TM: What is the structure of a sniper team?

S: The team is always made by a sniper and a spotter. Comparing with the teams from the rest of Europe or USA, they have half of the force snipers and the other half normal intervention. There 80-90% of interventions are resolved using snipers. We do the same, meaning that we use the snipers‘ team to cover the intervention teams. Until now, in Romania, at none of the interventions I’ve participated in, have I required firing. But is easy to eliminate a target using a sniper team than an intervention one.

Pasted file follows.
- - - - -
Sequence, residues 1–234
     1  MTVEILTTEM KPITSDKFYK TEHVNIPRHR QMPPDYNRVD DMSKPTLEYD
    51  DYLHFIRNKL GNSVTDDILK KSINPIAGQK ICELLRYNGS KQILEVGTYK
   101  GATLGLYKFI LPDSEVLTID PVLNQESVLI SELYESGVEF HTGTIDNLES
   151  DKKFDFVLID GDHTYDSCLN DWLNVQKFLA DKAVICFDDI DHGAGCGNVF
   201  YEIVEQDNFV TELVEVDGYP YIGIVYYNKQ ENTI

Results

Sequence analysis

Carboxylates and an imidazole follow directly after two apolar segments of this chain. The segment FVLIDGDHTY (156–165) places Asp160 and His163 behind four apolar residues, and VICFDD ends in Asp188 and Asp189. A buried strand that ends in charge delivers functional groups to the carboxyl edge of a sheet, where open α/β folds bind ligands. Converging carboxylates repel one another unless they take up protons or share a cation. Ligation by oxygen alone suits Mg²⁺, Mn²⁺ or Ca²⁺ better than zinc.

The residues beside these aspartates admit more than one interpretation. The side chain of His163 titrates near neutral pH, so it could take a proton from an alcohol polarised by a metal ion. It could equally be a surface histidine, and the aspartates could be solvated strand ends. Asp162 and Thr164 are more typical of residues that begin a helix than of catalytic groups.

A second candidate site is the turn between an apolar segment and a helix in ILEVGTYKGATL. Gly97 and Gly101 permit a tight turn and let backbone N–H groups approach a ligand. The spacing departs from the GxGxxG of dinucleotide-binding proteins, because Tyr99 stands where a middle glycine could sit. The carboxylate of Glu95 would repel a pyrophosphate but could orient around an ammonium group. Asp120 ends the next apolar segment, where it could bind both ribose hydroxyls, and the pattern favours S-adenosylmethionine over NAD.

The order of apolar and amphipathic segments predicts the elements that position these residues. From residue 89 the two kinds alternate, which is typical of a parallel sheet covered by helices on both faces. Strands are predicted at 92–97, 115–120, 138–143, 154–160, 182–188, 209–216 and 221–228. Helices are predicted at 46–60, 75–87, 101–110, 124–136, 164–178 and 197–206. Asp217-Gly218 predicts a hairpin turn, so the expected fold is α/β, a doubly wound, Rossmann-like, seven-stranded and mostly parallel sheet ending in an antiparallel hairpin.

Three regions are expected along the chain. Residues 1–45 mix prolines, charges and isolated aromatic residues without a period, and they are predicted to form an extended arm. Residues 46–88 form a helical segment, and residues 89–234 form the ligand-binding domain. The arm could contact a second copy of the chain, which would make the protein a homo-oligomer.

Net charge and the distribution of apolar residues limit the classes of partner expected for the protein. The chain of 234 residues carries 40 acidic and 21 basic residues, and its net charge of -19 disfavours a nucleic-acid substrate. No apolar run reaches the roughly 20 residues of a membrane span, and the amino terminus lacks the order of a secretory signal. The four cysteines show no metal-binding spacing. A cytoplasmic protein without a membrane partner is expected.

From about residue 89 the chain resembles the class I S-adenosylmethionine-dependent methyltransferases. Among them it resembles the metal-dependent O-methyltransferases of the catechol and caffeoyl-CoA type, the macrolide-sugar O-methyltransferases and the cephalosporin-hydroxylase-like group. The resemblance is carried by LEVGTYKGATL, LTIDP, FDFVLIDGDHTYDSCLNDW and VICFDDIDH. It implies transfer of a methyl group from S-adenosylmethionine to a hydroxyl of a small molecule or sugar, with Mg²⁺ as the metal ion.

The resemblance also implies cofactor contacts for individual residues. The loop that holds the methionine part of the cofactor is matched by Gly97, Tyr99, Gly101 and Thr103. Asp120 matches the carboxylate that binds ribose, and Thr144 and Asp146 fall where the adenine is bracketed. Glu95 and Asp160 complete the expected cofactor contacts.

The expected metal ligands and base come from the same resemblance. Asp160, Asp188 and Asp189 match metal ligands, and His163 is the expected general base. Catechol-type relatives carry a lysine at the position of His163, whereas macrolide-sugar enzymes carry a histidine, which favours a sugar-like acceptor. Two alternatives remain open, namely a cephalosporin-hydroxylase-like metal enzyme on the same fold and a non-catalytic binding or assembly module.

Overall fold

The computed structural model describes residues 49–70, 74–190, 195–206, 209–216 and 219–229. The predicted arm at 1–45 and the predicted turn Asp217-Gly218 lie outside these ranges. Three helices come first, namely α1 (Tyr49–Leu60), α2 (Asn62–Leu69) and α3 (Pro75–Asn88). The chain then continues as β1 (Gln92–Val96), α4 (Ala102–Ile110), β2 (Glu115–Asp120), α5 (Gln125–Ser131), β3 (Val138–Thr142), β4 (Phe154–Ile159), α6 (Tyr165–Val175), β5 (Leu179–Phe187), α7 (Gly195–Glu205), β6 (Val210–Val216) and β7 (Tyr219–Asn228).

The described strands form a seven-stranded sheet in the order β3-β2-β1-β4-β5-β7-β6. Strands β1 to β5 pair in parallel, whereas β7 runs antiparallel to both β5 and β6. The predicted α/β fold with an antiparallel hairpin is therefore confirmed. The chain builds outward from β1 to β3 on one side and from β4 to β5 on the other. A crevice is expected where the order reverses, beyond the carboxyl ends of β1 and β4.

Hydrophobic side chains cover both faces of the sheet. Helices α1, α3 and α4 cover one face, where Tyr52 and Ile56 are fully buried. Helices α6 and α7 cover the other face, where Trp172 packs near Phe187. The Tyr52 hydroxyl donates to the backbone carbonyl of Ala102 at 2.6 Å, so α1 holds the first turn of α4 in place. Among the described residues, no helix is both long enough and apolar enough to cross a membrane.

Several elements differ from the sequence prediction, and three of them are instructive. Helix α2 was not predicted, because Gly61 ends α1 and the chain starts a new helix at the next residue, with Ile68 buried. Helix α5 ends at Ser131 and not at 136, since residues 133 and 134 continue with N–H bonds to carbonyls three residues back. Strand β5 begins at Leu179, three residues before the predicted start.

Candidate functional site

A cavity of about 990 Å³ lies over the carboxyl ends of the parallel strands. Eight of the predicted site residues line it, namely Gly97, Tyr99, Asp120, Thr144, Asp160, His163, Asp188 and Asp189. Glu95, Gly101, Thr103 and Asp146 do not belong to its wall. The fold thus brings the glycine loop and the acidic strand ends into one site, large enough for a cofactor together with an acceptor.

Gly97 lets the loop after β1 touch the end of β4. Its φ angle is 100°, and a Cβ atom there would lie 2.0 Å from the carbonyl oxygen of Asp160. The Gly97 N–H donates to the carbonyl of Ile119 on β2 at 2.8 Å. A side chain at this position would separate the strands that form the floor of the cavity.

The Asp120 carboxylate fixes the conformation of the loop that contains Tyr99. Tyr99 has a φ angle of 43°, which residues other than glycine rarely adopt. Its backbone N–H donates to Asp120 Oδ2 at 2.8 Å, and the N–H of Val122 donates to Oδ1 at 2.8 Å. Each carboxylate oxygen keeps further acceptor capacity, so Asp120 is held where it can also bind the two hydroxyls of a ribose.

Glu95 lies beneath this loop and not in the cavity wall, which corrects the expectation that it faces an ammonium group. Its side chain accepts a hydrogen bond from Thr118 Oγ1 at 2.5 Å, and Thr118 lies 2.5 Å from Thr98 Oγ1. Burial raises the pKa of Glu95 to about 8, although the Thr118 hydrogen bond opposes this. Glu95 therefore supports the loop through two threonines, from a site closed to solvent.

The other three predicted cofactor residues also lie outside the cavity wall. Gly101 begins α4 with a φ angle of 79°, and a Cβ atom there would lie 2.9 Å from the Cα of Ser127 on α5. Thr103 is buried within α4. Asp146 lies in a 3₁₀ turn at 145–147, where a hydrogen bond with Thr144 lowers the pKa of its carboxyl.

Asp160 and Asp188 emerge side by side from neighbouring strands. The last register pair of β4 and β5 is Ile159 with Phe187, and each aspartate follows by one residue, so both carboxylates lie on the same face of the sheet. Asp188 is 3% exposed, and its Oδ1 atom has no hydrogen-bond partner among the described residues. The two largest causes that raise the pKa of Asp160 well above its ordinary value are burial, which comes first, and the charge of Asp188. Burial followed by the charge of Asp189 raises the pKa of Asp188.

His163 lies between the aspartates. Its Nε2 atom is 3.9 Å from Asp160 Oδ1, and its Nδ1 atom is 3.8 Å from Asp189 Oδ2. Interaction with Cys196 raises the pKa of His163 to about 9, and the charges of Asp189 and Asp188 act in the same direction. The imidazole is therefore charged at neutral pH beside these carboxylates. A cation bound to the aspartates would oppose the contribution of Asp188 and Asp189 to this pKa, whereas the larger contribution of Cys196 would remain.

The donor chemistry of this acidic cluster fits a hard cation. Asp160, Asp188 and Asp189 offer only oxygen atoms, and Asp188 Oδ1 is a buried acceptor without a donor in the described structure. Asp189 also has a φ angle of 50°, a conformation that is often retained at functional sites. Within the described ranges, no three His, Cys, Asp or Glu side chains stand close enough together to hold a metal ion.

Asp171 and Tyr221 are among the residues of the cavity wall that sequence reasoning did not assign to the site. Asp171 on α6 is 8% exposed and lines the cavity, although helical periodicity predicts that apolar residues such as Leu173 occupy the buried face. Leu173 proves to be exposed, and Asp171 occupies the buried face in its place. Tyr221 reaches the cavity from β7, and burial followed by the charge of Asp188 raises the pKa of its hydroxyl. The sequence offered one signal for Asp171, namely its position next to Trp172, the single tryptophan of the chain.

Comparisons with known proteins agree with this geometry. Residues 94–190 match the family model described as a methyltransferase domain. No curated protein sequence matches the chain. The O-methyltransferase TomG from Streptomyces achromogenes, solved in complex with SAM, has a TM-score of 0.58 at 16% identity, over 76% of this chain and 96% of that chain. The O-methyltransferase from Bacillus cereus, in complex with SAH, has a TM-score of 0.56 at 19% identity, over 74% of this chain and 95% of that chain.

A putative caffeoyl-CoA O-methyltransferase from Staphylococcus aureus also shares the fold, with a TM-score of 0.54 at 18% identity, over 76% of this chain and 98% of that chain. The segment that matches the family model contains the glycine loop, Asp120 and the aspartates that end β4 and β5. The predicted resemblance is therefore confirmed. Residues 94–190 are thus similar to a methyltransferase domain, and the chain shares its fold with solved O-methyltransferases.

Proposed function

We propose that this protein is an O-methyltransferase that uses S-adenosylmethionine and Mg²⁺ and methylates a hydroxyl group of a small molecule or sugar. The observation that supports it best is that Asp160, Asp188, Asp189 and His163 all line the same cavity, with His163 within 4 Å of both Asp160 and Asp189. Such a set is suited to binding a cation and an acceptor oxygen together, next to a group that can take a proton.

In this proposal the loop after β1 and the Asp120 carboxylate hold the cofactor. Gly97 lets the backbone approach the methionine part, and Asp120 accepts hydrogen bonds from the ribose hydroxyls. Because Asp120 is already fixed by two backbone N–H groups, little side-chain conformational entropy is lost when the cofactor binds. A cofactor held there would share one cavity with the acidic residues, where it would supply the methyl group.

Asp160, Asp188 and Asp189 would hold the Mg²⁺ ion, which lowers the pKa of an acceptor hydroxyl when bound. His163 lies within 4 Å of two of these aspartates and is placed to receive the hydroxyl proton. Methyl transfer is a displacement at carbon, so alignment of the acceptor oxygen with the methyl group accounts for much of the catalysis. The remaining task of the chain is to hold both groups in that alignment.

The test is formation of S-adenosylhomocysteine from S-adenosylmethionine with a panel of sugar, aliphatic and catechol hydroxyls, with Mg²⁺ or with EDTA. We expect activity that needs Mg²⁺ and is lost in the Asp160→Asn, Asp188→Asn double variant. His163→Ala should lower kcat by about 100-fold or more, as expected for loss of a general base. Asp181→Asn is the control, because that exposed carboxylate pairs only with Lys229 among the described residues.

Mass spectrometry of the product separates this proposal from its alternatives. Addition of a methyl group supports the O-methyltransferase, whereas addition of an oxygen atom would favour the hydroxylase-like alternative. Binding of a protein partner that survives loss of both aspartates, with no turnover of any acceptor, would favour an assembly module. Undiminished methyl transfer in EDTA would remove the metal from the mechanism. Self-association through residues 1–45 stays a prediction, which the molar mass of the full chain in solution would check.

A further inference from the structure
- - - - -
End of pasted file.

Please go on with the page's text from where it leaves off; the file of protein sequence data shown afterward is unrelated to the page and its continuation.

TM: How can someone get into the SIAS sniper team?

S: First of all, he has to have experience as a police officer, either as a fighter or as a street patrol. After he works hard and goes through all the tough situations for few years, when he is around 30 years old he can come to me so I can see him and decide if is any good for the job or not.

Officially, the interview is over, but on my way out he answers to some personal curiosities. “From all the snipers you know, from whom you learned the most?” “Otto Simonyi. That’s clear! Then the Russians. Generally, the ex-soviets have a long tradition in the job.” “How long have you stood in one place without moving?” “From evening till next day at noon.” How much does your gear weigh?” No answer. “If you cannot tell me…” “I can. Just let me see… the rifle has 7 kilograms, and I have my standard gear will all the weapons that all the fighters have, then there is the telemeter, binocular anemometer, telescope ….”